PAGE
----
In a statement carried by the official KCNA news agency on Monday, North Korean Vice Foreign Minister Choe Son Hui said Pyongyang was willing to have “comprehensive discussions” with the United States in late September at a time and place agreed upon between both sides, Presstv Reported.
She, however, warned the US against resorting to old tricks and scenario that bring no results, saying, “I want to believe that the US side would come out with an alternative based on a calculation method that serves both sides’ interests and is acceptable to us.”
“If the US side toys with an old scenario that has nothing to do with the new method at working-level talks, which would be held after difficulties, a deal between the two sides may come to an end,” Choe said.
The official warned on Saturday that recent “thoughtless” remarks made by US Secretary of State Mike Pompeo about Pyongyang’s behavior would further complicate resumption of the talks.
She warned that Pyongyang’s expectations of talks with Washington were gradually disappearing and the country was being pushed to reexamine all measures.
Pompeo recently said Washington “recognized that North Korea’s rogue behavior could not be ignored.”
North Korea has suggested that Pompeo be replaced with a “more mature” person.
Talks between the two sides have stalled since the second summit between US President Donald Trump and North Korean leader Kim Jong-un in Vietnam broke up without an agreement or even a joint statement.
Trump walked away from the summit, claiming that Kim had insisted on the removal of all sanctions on North Korea. Pyongyang, however, rejected that account, stressing that it had only asked for a partial lifting of the bans.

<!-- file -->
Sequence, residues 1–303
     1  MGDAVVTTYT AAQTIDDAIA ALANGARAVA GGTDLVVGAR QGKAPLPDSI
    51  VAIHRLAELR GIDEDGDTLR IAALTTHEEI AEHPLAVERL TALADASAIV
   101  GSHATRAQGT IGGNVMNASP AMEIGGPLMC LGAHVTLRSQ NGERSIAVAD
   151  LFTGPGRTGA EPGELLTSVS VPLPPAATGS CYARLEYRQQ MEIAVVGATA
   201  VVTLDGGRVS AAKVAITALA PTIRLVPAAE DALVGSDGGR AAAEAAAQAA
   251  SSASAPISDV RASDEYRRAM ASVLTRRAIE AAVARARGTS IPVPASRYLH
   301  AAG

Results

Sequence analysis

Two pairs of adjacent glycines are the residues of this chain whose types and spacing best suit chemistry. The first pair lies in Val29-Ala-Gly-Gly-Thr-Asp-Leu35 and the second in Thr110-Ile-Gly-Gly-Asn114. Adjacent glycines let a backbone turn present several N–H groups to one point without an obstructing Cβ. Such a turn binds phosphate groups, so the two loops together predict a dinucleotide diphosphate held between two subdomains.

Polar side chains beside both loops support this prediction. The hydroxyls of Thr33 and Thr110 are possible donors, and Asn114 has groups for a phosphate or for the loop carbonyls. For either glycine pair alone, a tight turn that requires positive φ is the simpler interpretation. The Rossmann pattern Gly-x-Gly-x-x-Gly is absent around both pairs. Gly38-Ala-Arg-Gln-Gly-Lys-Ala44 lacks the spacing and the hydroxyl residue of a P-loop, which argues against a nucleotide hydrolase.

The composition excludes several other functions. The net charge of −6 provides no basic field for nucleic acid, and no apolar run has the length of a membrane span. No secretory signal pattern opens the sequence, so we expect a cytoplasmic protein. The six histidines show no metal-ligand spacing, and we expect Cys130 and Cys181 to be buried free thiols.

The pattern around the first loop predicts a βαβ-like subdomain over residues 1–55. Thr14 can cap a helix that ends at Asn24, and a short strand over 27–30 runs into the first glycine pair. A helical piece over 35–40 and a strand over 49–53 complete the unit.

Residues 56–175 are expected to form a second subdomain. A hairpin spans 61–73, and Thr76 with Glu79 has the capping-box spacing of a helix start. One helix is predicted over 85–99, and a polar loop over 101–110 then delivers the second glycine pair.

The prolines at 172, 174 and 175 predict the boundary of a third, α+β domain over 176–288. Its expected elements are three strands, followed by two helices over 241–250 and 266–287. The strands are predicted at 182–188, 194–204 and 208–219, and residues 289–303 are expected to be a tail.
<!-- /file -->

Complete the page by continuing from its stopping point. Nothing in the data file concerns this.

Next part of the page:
Following the failure of the summit, the North repeatedly warned that it was considering ending talks on denuclearization and resuming its nuclear and missile tests over what it described as “the gangster-like stand” of the US.
In their third, brief meeting at the Korean border at the end of June, Kim and Trump agreed to kick-start working-level talks.
Washington has so far refused to offer any sanctions relief in return for several unilateral steps already taken by North Korea. Pyongyang has also demolished at least one nuclear test site and agreed to allow international inspectors into a missile engine test facility.
The US now demands that North Korea abandon its nuclear weapons entirely before the sanctions are lifted. Pyongyang insists on a step-by-step approach that would include verifiable American commitment to end its massive military presence near North Korean territorial waters.